Saturday at Spa-Francorchamps, Lewis Hamilton secured the pole position in a very commanding way, leaving his teammate Valtteri Bottas 0.5 seconds adrift, with the RedBull of Max Verstappen 0.1 seconds further behind. Yet, Bottas wasn't too bothered about his second place on the front row start, because it's commonly known that from La Source to Les Combes, the tow effect plays a big advantage in the hands of the followers.
Unfortunately for the Finn though, he was unable to capitalize that slipstream advantage at the start, thanks to a clever lifting tactic from Hamilton that allowed him to secure his lead. Bottas then switched his focus on trying to pass his teammate on track. In doing so, he and his Mercedes team had had a puzzling radio exchange which raised eyebrows amongst the viewers. Valtteri asked : "We have one push, no?" to what his race engineer replied "We do but we agreed not to use [it] against each other". That response from his engineer seemed to surprise Bottas.
Understandably, the question on whether the two drivers are free to race each other popped up. You could see on various social media platforms the disappointment of certain fans who were craving to see Bottas giving Hamilton a much harder time. You could read here and there : "aren't they free to race each other?" "Mercedes are robbing the fans of a fair fight".
It was then to be expected that, when Mercedes offered to answer their fans’ question regarding the grand prix, that issue of why Bottas was being told he couldn’t use the press button to close up to Hamilton would inevitably arise. And James Allisson, the team’s technical director duly indulged : “This weekend at Spa was probably the last weekend ever where the drivers had all the mode allocations available to them that the PU has to offer. [...] They had a limited amount of overtake presses each that they could apply during the race. And when they press that button for the overtake, they get for a short period, the full might of the PU to go down the straight with”.
“It is however a very limited resource, because it does a lot of damage to the PU and therefore something that we only get a very small number of. So we need to make sure that we use that resource in the best possible way for the team and the best possible way of using it is to make sure we are using it against our direct competitors, against the people who we are fighting against in the championship, not against each other”.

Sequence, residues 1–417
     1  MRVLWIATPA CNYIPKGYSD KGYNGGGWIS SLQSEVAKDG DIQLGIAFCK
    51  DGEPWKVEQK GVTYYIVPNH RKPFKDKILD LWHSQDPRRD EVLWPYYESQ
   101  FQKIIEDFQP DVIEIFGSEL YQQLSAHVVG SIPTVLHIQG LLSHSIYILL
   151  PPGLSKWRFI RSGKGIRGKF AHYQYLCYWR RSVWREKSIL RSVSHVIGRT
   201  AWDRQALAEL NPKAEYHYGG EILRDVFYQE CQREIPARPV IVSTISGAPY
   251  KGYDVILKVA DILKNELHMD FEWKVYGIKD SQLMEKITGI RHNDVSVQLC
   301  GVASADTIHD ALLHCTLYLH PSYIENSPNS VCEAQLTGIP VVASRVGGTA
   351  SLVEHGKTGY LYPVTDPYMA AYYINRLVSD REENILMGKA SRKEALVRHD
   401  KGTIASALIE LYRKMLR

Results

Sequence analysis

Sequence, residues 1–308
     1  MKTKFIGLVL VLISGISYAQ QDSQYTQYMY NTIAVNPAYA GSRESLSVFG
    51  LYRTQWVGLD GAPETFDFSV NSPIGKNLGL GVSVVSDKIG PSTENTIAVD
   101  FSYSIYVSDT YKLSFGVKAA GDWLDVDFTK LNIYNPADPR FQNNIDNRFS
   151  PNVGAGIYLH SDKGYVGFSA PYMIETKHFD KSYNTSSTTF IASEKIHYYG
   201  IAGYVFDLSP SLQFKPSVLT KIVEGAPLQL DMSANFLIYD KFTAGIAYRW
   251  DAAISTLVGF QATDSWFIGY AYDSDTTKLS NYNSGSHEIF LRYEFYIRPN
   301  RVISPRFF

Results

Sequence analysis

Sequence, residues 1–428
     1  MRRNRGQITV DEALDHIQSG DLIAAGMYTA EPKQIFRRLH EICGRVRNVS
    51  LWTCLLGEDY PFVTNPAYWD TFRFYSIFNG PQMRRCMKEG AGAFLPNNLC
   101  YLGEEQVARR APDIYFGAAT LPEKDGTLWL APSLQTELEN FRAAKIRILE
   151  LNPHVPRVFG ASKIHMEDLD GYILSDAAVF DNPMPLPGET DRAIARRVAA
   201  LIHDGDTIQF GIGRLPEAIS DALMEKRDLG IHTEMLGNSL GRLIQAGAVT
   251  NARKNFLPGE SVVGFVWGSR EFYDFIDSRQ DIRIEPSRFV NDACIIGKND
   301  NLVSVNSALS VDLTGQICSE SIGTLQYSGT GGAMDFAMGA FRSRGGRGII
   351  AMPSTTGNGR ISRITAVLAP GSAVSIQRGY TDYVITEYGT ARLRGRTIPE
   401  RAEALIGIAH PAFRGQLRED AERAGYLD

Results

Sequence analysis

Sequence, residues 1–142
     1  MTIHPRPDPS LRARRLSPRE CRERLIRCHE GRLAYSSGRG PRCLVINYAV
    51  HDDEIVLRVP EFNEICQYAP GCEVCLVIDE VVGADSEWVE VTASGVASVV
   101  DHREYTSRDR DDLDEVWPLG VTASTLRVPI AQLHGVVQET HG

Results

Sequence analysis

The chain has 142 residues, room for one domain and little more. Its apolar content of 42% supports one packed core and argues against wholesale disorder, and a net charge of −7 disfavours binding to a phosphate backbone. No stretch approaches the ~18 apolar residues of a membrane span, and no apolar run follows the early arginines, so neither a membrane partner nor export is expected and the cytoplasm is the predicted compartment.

“So we didn’t want to use it in a fight between Lewis [Hamilton] and Valtteri [Bottas] but we did want to make sure that we had that overtake button available to us in the case of a safety car restart, in the case of some bad luck meaning that we were behind someone that we needed to get in front of”.
Allisson insisted: “We’d had that agreement before the race not to use it against each other but both drivers knew they were free to race one another, just not using that last step of PU performance”.
Regarding those comments, it seems Mercedes were more protecting themselves from competitors' attacks than actually hampering Bottas' chances to close up to his teammate. They were also probably already nursing their engine, having in sight, the restriction on mapping modes from Monza onwards. For Andrew Shovlin, Mercedes' trackside engineering director: "there is a deal with the engine. If you take more today, you will damage yourself tomorrow. In terms of Spa, that meant we already had the races from Monza in the back of our heads and wanted to bring the engines into the new era as virginly as possible. Every sharp lap would have cost us later".
"Therefore, after the starting lap, Hamilton and Bottas only had one use of the power mode up their sleeves. And after consultation, it should only be used for a restart after a safety car phase or in a direct duel with Verstappen, if necessary". Shovlin added : "Valtteri would only have harmed himself had he used it against Lewis"
Ultimately, it was up to the Finnish driver to fight Hamilton with the same engine mapping both drivers were given. But Lewis’ relentless pace meant Bottas had to settle for second, with the clear intention to fight back a week later at Monza.